7/6/11 Cox sworn in as new head of school system
Submitted photoJudge Jim Roberson administers the oath of office Tuesday to Lillie Cox, the new superintendent of the Alamance-Burlington School System.
Cox sworn in as new head of school system
Budget concerns among hurdles facing superintendent
The Times-News 7/6/11
Reprinted with permission.
It’s official: Lillie Cox is superintendent of the Alamance-Burlington School System.
Cox was sworn in to her new job during a brief ceremony at noon Tuesday.
Interim Superintendent Del Burns had worked in the system from January through last week. He filled the gap created when former Superintendent Randy Bridges left in late 2010 for a school system in Virginia.
Cox took the oath of office as administered by Chief Judge James K. Roberson of Alamance County District Court. Members of the Alamance-Burlington Board of Education, along with several school system administrators, were present for the ceremony.
Roberson voiced appreciation for what the school system does for young people in the community, highlighted the importance of the superintendent’s role and promised continued support of the schools from the court system.
After repeating the oath of office, Cox said she hopes to make all decisions to serve the best interests of the county’s children.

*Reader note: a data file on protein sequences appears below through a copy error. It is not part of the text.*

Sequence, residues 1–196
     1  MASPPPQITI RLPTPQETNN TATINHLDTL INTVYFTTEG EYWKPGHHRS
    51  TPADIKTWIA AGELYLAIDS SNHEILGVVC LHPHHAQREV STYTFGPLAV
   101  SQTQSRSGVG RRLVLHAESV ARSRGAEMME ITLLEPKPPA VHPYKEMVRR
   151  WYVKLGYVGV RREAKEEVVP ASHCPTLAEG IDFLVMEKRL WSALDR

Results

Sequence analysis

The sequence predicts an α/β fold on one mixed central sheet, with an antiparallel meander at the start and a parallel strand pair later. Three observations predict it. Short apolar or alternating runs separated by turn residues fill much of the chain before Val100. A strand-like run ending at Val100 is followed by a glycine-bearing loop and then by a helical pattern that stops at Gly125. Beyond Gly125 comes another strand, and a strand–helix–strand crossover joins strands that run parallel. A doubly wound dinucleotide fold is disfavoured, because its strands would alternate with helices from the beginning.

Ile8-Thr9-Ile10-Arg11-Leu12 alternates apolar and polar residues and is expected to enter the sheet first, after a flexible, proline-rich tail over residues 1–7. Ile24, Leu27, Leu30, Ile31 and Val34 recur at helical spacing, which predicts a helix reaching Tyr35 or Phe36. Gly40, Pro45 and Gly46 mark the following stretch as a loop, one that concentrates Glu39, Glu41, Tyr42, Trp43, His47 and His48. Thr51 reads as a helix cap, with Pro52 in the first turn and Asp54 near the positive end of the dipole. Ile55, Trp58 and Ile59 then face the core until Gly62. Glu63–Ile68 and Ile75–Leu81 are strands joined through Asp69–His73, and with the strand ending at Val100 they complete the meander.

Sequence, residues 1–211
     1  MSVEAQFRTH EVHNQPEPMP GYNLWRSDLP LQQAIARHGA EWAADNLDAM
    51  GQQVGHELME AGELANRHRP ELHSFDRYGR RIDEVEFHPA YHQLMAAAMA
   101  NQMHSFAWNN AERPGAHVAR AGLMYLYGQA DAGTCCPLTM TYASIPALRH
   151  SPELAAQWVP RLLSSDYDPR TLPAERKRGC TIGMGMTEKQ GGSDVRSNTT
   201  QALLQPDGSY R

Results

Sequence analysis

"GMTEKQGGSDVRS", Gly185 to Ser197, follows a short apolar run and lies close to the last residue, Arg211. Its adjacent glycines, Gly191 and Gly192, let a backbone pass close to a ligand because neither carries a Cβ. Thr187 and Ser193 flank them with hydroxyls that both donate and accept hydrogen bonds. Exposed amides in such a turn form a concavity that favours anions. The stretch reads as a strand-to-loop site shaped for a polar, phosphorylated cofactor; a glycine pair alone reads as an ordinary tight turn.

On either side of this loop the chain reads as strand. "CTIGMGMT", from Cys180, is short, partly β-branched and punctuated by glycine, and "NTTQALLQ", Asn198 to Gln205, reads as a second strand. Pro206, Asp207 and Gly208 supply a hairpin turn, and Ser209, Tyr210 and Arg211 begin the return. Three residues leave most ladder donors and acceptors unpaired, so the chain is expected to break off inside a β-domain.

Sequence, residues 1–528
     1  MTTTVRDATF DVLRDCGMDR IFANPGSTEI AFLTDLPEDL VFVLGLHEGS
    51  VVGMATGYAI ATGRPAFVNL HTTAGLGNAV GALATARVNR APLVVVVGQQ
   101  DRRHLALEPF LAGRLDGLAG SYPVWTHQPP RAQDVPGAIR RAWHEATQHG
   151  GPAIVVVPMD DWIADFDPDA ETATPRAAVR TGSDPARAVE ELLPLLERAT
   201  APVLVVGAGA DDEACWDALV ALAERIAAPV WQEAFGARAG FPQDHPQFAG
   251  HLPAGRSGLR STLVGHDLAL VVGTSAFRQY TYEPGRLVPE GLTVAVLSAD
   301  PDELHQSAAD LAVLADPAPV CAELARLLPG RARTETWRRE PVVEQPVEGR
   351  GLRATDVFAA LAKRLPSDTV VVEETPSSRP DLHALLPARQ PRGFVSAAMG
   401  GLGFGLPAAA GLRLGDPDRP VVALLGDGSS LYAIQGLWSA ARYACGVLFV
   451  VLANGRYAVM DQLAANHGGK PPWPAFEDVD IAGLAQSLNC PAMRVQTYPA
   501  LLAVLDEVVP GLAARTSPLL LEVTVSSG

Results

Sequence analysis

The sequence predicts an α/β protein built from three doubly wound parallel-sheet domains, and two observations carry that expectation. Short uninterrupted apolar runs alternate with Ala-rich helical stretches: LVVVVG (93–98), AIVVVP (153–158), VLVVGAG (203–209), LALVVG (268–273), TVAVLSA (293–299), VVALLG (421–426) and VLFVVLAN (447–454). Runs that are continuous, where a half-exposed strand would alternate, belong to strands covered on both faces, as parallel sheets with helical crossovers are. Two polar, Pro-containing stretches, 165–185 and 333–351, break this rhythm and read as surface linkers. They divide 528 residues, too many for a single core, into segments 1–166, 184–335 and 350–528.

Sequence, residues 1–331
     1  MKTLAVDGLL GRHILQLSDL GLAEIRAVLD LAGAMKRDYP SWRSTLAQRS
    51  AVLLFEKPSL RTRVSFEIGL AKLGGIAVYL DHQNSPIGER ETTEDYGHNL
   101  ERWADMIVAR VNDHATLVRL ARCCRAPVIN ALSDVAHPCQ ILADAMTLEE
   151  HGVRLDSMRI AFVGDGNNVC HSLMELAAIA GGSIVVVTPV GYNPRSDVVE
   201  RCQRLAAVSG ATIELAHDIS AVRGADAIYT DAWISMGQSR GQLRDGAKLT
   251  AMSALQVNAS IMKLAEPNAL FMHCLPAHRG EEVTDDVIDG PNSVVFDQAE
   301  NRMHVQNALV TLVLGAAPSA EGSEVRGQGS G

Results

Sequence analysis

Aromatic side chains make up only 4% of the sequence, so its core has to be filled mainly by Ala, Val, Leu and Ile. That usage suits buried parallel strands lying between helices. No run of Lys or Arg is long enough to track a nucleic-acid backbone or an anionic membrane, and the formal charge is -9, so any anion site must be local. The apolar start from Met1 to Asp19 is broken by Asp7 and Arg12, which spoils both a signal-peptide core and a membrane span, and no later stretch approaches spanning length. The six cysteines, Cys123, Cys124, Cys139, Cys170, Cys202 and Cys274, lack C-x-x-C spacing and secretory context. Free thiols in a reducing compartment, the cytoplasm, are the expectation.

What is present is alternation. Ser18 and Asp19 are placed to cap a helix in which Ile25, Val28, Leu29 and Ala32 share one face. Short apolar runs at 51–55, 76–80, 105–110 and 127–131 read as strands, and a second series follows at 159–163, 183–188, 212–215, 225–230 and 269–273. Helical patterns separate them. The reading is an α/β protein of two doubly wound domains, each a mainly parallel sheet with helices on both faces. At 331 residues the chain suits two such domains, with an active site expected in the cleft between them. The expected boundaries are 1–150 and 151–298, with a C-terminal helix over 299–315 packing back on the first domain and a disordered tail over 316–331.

The Alamance-Burlington Board of Education voted this spring to hire Cox as superintendent. She has most recently been superintendent of the Hickory Public Schools, a small system to the west. Before that, she was assistant superintendent for curriculum and instruction in the Alamance-Burlington system.
Her starting salary is $175,000 per year.
The issues in front of Cox, other administrators and school board members as she begins the job, range from academic to financial.
Later this summer, school systems throughout North Carolina will learn how students performed during 2010-11 as measured by state and federal standards. The N.C. Department of Public Instruction will release preliminary results July 21 about which schools made what is known as adequate yearly progress as defined by the federal No Child Left Behind legislation.
In the longer term, there’s already anxiety about the budget for 2012-13, not long after local and state governments approved school system funding for 2011-12. Burns, who led the system in putting together a 2011-12 budget that reflected reduced state funding, said the 2012-13 budget will be much tougher barring a dramatic turnaround in revenue. That year, he pointed out, the system won’t have $4.2 million in federal Edujobs money it used for 2011-12. It will also have less money in local reserves.
School board members Tony Rose and Patsy Simpson have asked for a meeting between Cox and the board as early as possible, so that expectations and thoughts can be shared with everyone present.